Tobias Harris heard the boos and raised his arms to ask for more.
It’s not the sort of image that would usually be memorable after a 20-point home win, and yet the frustration between Harris and the fans at Wells Fargo Center was an unavoidable subplot Monday night.
None of it’s too difficult to figure out. Harris, who scored eight of his 14 points in the fourth quarter of the Sixers’ 133-113 victory over the Rockets, often plays a style that invites criticism when it doesn’t work. At his worst, he’s plodding, reliant on his mid-range jumper and insufficient as a complementary scorer. He’s shot 28.7 percent from three-point range this season and is in Year 3 of a five-year, $180 million contract.
No one is happy with Harris’ current production and Philadelphia fans don’t tend to see any point in hiding displeasure. Dan Burke, who moved to 2-0 as acting head coach with Doc Rivers in COVID-19 protocols, thought Harris’ back and forth with the fans was out of character.
“Since I’ve been here, (he’s been) one of the surprise guys for me with how professional he is and what a genuine good guy he is,” Burke said. “He really leads by example — not very vocal. So when I saw him raise his hands when they were booing … we talked about it at halftime: The only thing that matters is what’s in that locker room and who’s in that locker room.
“Part of where we have to grow, from my experience last year, is our focus. Shut out that noise. When we’re between those lines, it can’t be the officials, it can’t be the fans, it can’t be anything like that. So we talked about it at halftime. We ran the first play out of the half for him.
“The kid got six rebounds, three offensive that led to big buckets. He had six assists. I think he presses so hard on himself. And he’s got to understand, Doc has so much confidence in him, and we all do. And it was good, we pulled together and Joel (Embiid) was saying, ‘Call this play for Tobias, call that play for him.’ I saw teammates lifting him up. And if we have that every night, no matter what’s going on, we’re going to keep growing and going in the right direction. But Tobias … don’t put pressure on himself. There’s so many ways to help your team win a game, and that’s what he did tonight.”
Even during a 2019-20 season in which the Sixers went 29-2 at Wells Fargo Center, the in-game dynamic between the team and its fanbase hasn’t always been smooth.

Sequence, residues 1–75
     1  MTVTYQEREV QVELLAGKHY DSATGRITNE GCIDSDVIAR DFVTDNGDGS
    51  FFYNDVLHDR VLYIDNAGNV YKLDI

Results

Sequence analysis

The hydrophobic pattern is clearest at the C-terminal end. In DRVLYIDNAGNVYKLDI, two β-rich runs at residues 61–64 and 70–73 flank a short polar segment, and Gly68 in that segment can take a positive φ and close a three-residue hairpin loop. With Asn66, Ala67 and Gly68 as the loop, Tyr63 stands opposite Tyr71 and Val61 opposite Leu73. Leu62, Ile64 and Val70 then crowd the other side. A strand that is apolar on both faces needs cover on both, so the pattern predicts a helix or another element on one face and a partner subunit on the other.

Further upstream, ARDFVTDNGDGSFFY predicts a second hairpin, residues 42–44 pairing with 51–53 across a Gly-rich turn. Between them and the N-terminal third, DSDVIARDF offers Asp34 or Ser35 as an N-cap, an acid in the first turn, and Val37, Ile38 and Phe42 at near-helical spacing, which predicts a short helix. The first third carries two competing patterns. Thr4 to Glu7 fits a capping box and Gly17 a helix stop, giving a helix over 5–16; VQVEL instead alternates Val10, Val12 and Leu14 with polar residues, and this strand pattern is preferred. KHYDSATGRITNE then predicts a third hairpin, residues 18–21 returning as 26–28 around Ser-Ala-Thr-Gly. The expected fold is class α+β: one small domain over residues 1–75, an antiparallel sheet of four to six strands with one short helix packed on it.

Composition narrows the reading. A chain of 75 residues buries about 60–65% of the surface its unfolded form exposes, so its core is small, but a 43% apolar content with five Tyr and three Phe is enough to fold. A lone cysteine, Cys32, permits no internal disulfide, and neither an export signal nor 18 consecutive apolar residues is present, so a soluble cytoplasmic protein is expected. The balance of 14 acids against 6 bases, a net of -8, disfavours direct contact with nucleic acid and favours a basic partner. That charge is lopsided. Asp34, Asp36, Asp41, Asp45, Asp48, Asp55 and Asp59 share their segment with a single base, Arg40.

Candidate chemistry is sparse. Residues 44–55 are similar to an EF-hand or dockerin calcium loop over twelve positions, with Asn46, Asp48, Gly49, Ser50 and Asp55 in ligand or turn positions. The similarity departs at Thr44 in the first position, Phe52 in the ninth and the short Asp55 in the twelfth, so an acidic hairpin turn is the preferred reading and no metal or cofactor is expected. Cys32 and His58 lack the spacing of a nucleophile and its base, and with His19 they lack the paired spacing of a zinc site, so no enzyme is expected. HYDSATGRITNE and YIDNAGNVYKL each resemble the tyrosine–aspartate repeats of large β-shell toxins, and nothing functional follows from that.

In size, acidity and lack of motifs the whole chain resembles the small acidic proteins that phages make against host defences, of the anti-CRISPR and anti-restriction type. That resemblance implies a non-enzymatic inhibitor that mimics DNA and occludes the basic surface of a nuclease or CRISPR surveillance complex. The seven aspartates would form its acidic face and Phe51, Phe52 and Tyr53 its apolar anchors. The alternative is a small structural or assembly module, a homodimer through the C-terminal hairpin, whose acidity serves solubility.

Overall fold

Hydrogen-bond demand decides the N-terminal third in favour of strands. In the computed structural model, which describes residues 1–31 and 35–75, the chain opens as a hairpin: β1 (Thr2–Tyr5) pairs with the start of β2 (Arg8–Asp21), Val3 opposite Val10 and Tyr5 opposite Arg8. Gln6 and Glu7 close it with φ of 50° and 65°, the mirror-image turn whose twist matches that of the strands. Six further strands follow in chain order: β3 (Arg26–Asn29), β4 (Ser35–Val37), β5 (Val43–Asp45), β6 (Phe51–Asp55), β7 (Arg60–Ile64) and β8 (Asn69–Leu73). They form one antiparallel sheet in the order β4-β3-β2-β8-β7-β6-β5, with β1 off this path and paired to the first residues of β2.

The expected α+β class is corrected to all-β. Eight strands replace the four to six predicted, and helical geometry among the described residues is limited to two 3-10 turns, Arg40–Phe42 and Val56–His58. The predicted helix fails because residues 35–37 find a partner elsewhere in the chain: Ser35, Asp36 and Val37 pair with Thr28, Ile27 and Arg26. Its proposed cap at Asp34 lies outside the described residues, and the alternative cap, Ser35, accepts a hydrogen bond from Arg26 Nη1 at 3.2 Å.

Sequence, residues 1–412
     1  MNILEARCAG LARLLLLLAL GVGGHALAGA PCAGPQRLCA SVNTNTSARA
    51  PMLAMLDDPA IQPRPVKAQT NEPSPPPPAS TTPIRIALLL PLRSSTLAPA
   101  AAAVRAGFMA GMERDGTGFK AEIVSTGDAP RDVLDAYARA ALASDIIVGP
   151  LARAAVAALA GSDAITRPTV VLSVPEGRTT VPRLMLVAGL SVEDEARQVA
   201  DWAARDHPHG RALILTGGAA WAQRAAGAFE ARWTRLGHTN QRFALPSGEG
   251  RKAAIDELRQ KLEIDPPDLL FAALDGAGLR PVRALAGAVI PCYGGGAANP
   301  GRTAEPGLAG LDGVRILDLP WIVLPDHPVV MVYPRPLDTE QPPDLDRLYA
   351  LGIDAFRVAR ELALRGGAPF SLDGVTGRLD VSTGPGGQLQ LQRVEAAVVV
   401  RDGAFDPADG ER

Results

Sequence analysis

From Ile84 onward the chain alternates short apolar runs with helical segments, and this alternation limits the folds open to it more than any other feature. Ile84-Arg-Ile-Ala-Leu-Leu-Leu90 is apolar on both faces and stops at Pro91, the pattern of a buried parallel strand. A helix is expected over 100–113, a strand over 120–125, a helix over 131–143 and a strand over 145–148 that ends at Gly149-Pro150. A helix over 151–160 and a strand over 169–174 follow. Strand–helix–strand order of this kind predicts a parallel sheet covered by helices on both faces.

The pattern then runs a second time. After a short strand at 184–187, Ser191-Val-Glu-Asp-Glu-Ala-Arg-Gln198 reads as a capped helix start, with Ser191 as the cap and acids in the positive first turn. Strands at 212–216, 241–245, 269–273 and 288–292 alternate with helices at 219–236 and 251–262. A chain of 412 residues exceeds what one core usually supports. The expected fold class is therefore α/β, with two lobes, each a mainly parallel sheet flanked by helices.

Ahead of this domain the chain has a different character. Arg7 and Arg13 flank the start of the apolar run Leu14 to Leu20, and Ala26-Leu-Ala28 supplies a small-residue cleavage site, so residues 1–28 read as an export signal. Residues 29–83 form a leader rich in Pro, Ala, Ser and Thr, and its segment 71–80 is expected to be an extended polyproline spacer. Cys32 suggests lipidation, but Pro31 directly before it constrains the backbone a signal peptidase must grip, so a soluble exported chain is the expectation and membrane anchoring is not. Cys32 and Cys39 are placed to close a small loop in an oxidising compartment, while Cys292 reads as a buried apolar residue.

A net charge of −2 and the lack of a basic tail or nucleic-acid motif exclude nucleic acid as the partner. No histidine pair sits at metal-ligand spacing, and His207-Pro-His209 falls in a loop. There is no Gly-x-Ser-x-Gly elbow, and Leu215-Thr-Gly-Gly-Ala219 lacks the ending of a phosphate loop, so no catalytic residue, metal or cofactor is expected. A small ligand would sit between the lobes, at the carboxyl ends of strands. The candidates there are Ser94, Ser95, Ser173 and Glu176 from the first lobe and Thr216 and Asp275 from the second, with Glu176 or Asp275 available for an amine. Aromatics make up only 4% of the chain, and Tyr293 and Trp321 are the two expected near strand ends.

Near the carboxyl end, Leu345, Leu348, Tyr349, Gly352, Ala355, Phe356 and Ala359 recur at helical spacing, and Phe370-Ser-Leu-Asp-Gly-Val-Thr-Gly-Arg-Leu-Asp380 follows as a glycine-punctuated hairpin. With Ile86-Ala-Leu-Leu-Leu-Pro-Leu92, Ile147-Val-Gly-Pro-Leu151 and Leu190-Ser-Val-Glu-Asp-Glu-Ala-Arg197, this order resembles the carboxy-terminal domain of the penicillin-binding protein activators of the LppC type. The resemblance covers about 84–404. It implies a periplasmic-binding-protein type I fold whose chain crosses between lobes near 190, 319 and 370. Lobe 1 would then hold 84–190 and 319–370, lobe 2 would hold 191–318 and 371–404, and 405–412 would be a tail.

Al Horford shushed the crowd in February of 2020. Ben Simmons responded to boos during the first game of the 2019 playoffs by saying, “If you’re going to boo, then stay on that side." And Embiid’s relationship with the fans hasn’t been complete mutual adoration either, as he recalled Monday.
“I thought it was nothing,” Embiid said following a 31-point triple-double. “He didn’t make shots today, but I thought he contributed when he was on the floor. … I thought he was pretty good. It happens to the best of us. Frustrating night; it’s hard when you’re not making shots. I think he’s fine. He’s going to be better. I have a lot of faith in him.
“Two years ago I did the same thing, so it’s whatever. But like I always say, fans are going to be fans. It doesn’t matter if we just went on a 15-0 run. If the other team scores, they’re going to boo. That’s Philly. I love it. And like I always say, if you give it, you’ve got to to be able to take it, too. I did that in the past and it’s all fun. It’s nothing. It’s nothing special.”
After Simmons’ offseason trade request, Embiid tweeted that Sixers fans needed to “be better.”
He clarified that comment at media day, indicating he’s fine with whatever boos might come his way.
“The fans, they have the right to act the way they want to,” Embiid said on Sept. 27, in part. “Personally, I would not want to be in another city. I like Philadelphia because — and I’m honest about this — they care. … They’re so invested in the team, so it’s only fair for them to be pissed off when we lose, (to) be mad. It doesn’t matter — I could be averaging 50 points and we lose, and they’re still going to be mad at me.
“That’s just the way it is. They work hard for the money they make, and we get paid based on them coming to games and (buying) jerseys and all that stuff. And I’m grateful for it. So I think they have the right to voice their frustrations.”